Jeep Wranglers have never been advertised as farm vehicles. Since debuting for the 1987 model-year Jeep has advertised them as off-roaders and daily-drivers, but not anything that’s going to tow a farm implement. That didn’t bother this owner in California, as he hooked up a hay rake like an absolute legend. Check it out.
I spotted this video on cristian_ybarra_bermudez’s Instagram page. He told me he saw this white Wrangler YJ towing a hay rake on the outskirts of Tulare, California. “I was on my way to pick up power tools and when I was driving, I noticed some John Deeres pulling those rakes,” he told me over an instant message. “And as soon as I saw that Jeep, I couldn’t believe it. I pulled right over and started recording.”
Here are his clips of the Jeep tugging the hay rakes:
The Jeep in question appears to be a post-1991 Jeep Wrangler YJ with half doors, some aftermarket alloy wheels, and a slight lift. It’s a nice setup, though far from a tow vehicle with its low curb weight and short wheelbase. For a raking job, though? Seems to do just fine:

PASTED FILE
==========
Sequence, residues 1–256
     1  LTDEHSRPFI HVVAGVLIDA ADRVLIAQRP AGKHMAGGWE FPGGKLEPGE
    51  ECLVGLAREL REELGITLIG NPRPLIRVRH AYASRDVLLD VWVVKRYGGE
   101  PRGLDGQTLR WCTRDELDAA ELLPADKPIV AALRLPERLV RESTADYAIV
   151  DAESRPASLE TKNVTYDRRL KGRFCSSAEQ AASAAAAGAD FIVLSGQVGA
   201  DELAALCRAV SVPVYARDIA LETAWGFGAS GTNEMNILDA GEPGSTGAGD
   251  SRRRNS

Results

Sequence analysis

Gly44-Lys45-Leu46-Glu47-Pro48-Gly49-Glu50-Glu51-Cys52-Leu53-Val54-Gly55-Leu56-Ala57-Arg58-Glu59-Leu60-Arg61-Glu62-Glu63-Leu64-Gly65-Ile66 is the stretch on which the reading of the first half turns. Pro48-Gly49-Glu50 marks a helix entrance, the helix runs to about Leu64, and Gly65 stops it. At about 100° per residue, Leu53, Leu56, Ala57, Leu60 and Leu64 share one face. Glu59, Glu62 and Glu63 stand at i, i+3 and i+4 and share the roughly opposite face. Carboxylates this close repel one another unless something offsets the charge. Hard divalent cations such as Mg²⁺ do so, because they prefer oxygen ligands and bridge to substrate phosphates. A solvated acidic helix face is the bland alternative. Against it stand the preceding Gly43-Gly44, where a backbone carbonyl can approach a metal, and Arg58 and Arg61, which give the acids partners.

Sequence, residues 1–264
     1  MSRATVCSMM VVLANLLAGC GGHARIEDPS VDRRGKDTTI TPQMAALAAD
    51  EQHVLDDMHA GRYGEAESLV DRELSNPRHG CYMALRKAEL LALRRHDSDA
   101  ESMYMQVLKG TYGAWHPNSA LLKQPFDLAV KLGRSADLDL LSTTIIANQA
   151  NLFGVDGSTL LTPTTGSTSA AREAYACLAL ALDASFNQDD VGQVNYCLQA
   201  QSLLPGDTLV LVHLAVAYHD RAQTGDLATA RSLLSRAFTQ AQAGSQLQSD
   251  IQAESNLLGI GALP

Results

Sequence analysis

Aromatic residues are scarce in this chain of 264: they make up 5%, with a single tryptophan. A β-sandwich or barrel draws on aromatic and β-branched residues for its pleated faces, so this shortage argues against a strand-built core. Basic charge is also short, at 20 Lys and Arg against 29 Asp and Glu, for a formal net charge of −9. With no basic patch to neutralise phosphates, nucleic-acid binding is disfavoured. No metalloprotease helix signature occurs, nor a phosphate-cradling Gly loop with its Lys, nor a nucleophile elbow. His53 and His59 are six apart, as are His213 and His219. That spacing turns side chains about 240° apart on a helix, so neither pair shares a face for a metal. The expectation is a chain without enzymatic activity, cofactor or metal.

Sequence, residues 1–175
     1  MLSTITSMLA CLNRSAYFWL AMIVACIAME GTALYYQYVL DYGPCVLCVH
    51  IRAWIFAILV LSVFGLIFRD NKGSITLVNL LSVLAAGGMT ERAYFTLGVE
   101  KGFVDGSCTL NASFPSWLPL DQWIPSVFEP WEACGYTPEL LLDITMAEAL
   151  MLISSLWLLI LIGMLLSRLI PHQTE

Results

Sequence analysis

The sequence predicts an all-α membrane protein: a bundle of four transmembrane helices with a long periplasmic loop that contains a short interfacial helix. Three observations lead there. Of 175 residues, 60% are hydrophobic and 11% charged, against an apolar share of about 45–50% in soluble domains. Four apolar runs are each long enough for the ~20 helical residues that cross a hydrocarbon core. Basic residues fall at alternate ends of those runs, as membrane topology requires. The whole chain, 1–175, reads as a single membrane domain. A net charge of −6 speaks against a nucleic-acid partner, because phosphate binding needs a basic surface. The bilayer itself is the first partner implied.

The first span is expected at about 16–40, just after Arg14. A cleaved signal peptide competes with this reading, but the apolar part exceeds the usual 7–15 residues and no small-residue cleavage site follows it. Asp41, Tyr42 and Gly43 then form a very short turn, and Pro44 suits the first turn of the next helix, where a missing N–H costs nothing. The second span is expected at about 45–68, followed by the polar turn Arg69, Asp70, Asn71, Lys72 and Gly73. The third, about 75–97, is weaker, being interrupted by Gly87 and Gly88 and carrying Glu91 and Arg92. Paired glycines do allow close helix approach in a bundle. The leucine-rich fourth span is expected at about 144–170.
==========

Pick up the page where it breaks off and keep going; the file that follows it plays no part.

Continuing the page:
Some of you Jeep fans may have read my intro paragraph and rabidly started smashing your keyboard, typing out “YOU’RE A FOOL DAVID,” and though I think that’s a good instinct to have when reading my work, in this case my claim that Wranglers were never marked as farm implements is technically correct, because the early convertible Jeeps that Willys-Overland sold to farmers were technically CJs, not Wranglers.
Still, let’s use this as an excuse to look at old Willys Jeeps doing work on the farm, courtesy of some vintage ads:
And here’s a great Jeep farm-implement show that happens in Ohio, and that I attended a few years back:
Willys Jeeps were built for the farm, and the YJ definitely traces its roots to those old CJs, so it’s nice to see the 1990s machine showing off its ancestors’ skills.
Video/screenshots courtesy of cristian_ybarra_bermudez’s. Brochures courtesy of company.